Beyond civilian use, patients in underdeveloped nations or in combat areas will benefit considerably from this technology
LifeFlow is a hand-powered rapid infuser for critically ill patients who require urgent fluid delivery (photo: 410 Medical)
Sepsis is the primary cause of death from infection and is the most cited reason for death among hospitalised patients. Sepsis affects more than 30 million people a year globally, causing six to eight million deaths. In the US, it affects around one million; the UK Sepsis Trust estimates 150,000 cases and 44,000 deaths a year in the United Kingdom. Surviving patients suffer from the consequences for the rest of their lives
Sepsis is caused by the way the body responds to germs, such as bacteria, getting into the body. The infection may have started anywhere in a sufferer’s body, and may be only in one part can be widespread. Sepsis can occur following chest or water infections, problems in the abdomen such as burst ulcers, or simple skin injuries like cuts and bites.
When the body is beset by a bacterial infection, the immune system produces an inflammatory response and tissues swell to try to deter the infection from spreading. Over time, abnormalities may occur during this process, increasing the risk of poor blood circulation and tissue damage. Septic shock and organ failure may transpire in response to acute cases of: “intravascular volume depletion, peripheral vasodilation, increased metabolism and decreased cardiac output” (Bhatia and Biyani, 2015).
Rapid fluid resuscitation is presumed to increase the blood’s volume, thereby increasing blood pressure and circulation of blood to the organs. Time is a critical element in restoring organ perfusion for patients undergoing sepsis and shock. However, given alarming mortality data, responding promptly appears to be an outstanding issue in emergency medicine. Existing methods pose a delay to the optimal delivery of fluid as they are either too slow, complex or expensive. Resistance to rapid flow when administering fluid through IV therapy also delays resuscitation.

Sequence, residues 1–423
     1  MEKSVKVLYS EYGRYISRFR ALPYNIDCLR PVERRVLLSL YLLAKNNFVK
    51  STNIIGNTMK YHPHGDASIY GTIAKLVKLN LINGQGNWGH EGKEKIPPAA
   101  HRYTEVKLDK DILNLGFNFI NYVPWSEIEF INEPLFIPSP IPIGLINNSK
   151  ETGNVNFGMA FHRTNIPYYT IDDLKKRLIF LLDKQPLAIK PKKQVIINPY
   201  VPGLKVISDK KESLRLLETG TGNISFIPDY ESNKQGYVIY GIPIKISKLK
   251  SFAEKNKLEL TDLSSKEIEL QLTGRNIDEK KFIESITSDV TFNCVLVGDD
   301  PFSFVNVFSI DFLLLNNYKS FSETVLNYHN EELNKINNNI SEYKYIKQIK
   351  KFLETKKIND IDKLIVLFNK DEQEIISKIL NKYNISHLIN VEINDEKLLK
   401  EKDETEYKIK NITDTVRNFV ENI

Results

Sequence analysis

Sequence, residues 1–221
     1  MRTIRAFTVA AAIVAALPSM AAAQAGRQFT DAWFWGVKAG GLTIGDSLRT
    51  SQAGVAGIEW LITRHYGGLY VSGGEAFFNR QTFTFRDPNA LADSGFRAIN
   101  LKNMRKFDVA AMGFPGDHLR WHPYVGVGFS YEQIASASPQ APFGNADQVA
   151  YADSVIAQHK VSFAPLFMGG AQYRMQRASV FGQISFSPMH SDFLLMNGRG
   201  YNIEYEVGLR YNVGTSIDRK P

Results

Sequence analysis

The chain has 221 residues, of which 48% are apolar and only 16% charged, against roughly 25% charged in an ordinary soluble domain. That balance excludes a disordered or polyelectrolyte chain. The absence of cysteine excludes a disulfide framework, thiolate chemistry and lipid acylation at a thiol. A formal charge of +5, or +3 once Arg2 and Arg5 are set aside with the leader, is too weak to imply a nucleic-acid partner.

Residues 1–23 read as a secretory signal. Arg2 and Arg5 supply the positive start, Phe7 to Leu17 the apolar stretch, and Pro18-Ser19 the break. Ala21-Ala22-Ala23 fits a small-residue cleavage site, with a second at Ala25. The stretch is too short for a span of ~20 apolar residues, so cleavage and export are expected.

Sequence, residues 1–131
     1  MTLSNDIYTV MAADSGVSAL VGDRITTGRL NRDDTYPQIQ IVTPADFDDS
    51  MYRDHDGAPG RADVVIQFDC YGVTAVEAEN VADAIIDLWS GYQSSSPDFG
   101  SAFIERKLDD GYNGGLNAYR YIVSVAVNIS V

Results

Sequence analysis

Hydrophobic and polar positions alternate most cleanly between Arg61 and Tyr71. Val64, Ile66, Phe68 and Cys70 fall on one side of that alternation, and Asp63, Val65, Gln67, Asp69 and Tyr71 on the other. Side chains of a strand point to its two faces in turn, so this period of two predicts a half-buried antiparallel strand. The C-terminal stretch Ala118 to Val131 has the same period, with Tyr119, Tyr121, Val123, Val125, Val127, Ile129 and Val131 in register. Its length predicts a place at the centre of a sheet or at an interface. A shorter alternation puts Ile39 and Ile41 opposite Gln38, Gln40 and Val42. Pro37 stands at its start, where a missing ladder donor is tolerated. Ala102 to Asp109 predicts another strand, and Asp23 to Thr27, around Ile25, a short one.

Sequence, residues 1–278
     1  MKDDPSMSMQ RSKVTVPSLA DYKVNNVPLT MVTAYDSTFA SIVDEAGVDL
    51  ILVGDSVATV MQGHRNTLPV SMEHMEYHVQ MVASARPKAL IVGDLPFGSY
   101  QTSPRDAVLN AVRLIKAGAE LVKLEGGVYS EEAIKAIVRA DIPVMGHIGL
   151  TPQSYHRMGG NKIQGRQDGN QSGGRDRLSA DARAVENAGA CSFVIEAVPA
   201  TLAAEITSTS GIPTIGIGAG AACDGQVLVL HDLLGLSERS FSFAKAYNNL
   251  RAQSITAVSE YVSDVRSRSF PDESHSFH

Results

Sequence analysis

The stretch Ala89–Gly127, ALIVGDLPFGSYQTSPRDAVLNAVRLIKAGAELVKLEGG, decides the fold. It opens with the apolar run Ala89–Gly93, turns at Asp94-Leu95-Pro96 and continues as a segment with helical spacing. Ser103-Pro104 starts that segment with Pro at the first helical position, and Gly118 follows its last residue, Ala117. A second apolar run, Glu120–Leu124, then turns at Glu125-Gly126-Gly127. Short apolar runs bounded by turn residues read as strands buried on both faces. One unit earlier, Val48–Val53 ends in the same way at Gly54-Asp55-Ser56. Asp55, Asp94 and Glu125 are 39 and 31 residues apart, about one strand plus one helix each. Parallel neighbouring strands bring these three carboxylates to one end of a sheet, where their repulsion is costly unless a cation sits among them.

The FDA approved LifeFlow Rapid Infuser, developed by the 410 Medical company, is a hand-held device that improves resuscitation in emergency scenarios. It is can be used for adults and children and functional in both civilian and war settings. After two minutes of prep by a trained user, 10 milliliters of fluid are released by each squeeze of the trigger. As the trigger returns to its stable position, it fills with fluid to prepare for the next release. The user can manage the pace of fluid delivery using a handle that is sensitive to changes in resistance to fluid flow. The device is also composed of a transparent cover that allows the user to observe the movement of fluid as it is driven into the IV catheter.
410 Medical’s mission to improve patient resuscitation has made waves in the emergency medicine industry. The number 410 corresponds to the ideal 4 x 10 mL/kg boluses delivered to a pediatric sepsis patient over 10 minutes – a standard suggested by US national guidelines, but which was seldom accomplished prior to the LifeFlow Rapid Infuser.
The implications of this device present a breakthrough in rapid fluid delivery – within two-and-a-half minutes, 500 millilitres of fluid can be delivered to a critically ill patient. To put this into perspective – this means an entire litre can be supplied within five minutes.
Beyond civilian use, patients in underdeveloped nations or in combat areas will benefit considerably from this technology as the rapid delivery of fluid compensates for delayed arrival on-scene owing to travel or transport difficulties in reaching the patient or accessing the scene.
- 410 Medical. Np, nd Web. 22 /03/2017;
- Bhatia, Pradeepkumar, and Ghansham Biyani (2015): Fluid resuscitation in severe sepsis and septic shock: Shifting goalposts; Indian Journal of Anaesthesia 59.5;
- Editors: LifeFlow Rapid Infuser for Sepsis and Shock Rolling Out in US, Medgadget;
- Lindgruen-gmbh.com, Berlin (2017): World Sepsis Day, Np, 22/03/2017.